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Saturday, July 30, 2011
It would be hard to forgive Favre

By Viv Bernstein

As the gleeful masses celebrated the end of the NFL lockout this week and executives scrambled to sign, trade and otherwise collect players for the start of training camp, a truly execrable rumor began to spread. Was Brett Favre, the man of 10,000 retirements, considering yet one more return?

Michael Vick went so far as to tweet his approval to bringing Favre to Philadelphia as a back-up quarterback with the Eagles this season.

What a public relations debacle that pairing would be. Two years ago, the question was why any team would want Vick on its roster, fresh off his 23-month prison sentence for running a dog fighting ring and torturing and killing animals. Now, it's hard not to ask the same question about Favre.

Seriously -- why?

Favre -- whose own web site still had posted on Friday an Associated Press article that was less than definitive about his retirement -- is so long past his prime that he has done more harm than good to his legacy over the last few years.

But this isn't about Favre, the quarterback. It's about Favre, the embarrassment: The guy the NFL fined $50,000 last year for not being forthright in an investigation into allegations he actually texted pictures of his genitals and sent lewd messages to a former New York Jets game hostess.

Days after a three-month NFL investigation failed to prove or disprove that shot was Favre's, uh, member, two New York Jets massage therapists sued Favre for sexual harassment. They claimed they lost their jobs after complaining about sexually suggestive text messages from him when he played for the team in 2008 during the first of his many un-retirements.

Remember what happened to New York Congressman Anthony Weiner when he was caught sending lewd pictures to Twitter followers? He resigned in shame. Seems people won't tolerate that kind of behavior of a politician.

So why should we have to put up with that in athletes?

But we do, don't we? It's not just Favre. Crude behavior rarely prevents athletes from making millions. See Ben Roethlisberger, the Pittsburgh Steelers quarterback who was accused, not once but twice, of sexual assault and was suspended four games last year by the NFL.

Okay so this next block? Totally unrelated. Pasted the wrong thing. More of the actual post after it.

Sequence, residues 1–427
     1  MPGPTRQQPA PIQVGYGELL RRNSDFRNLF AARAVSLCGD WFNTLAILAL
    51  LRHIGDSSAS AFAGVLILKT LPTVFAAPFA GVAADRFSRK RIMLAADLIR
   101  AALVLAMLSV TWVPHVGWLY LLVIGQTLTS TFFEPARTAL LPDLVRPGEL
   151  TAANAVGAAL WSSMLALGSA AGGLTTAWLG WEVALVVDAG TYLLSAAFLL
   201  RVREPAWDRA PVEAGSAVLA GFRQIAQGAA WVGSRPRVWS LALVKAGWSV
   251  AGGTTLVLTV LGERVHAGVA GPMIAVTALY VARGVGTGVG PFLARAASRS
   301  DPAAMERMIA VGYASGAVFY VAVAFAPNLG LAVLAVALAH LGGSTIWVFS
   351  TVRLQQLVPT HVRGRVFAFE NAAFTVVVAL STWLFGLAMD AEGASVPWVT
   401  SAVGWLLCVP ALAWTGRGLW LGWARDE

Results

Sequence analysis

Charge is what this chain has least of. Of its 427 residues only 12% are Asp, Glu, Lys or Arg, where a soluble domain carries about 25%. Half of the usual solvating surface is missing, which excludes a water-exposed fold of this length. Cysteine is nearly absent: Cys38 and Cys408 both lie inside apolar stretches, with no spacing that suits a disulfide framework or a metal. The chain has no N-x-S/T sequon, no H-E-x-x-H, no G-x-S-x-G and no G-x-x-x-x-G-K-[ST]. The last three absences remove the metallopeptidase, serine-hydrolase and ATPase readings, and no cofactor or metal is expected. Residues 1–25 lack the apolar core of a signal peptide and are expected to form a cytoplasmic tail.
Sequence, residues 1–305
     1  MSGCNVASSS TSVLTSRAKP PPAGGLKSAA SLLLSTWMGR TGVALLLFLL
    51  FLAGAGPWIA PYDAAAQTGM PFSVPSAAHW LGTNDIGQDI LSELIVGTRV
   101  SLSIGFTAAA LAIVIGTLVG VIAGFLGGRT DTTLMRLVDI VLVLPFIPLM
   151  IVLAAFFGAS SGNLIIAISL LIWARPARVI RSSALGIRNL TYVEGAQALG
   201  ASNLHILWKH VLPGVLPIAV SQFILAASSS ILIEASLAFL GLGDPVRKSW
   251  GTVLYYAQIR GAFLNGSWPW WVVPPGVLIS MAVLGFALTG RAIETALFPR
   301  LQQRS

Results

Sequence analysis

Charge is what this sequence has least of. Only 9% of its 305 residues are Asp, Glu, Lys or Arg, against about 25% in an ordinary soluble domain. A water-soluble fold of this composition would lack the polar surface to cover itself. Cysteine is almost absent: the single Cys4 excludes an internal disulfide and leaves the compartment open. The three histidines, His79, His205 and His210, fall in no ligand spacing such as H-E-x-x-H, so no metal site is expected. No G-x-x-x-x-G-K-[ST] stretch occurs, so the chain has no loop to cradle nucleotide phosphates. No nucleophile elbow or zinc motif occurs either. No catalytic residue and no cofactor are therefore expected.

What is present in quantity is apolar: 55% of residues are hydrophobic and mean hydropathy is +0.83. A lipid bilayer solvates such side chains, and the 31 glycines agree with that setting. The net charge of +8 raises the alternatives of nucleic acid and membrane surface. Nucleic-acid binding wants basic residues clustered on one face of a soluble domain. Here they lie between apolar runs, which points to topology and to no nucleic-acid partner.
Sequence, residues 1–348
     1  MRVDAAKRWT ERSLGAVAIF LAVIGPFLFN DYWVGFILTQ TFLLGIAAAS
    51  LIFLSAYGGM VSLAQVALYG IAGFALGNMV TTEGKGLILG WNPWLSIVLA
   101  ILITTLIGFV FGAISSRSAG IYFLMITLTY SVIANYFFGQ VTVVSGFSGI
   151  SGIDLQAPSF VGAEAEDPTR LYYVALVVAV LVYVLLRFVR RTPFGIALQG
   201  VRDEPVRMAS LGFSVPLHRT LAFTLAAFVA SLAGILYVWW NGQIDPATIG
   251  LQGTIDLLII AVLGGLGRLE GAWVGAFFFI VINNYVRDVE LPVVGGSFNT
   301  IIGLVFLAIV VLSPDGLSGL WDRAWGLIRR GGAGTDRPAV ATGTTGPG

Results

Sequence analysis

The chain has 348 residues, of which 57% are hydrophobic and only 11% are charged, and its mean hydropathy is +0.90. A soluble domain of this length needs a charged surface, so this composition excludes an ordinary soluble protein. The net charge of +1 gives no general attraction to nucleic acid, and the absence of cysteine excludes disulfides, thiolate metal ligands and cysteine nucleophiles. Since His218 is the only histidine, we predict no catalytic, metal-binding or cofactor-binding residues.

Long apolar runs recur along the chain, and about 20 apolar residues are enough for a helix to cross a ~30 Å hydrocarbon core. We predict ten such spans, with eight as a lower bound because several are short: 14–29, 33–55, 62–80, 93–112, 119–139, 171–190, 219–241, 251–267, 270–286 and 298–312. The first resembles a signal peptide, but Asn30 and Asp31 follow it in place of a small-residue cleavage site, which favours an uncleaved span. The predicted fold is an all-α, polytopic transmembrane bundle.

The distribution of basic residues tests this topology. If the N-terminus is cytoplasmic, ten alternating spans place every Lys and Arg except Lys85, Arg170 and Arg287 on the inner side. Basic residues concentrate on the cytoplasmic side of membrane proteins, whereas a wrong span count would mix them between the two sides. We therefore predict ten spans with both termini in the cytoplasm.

He was welcomed back and cheered by plenty of fans when he led Pittsburgh to the Super Bowl. Not cheered by all of us, mind you.

That's not to mention the convicted criminals running around in professional uniforms, from Vick to wide receiver Plaxico Burress. The latter just got out of prison, having served nearly two years on a gun charge after he accidentally shot himself in the leg at a Manhattan nightclub. Reinstated by the NFL on Friday, Burress has a number of suitors. He'll be earning millions again soon.

Maybe it's not fair to lump creeps and criminals in the same basket, or the accused with the convicted. But they're all subject to the same court of public opinion. And that's what this is about: The public that pays good money to buy jerseys and game tickets and make an emotional investment in a team. They're not stupid. They know Favre paid a relative chump-change fine rather than come clean about what he did.

No doubt there are plenty of people who would cheer for a team with Favre on it, regardless of what he did. But some of us won't. Same with Roethlisberger, Vick, Burress and the rest.

Of course, as long as the majority doesn't make a fuss about their transgressions, then the protests of the minority won't necessarily matter. And the majority of football fans are men. All of which makes you wonder: do men find it easier to forgive people like Favre and Roethlisberger than some women do?

Seriously -- why?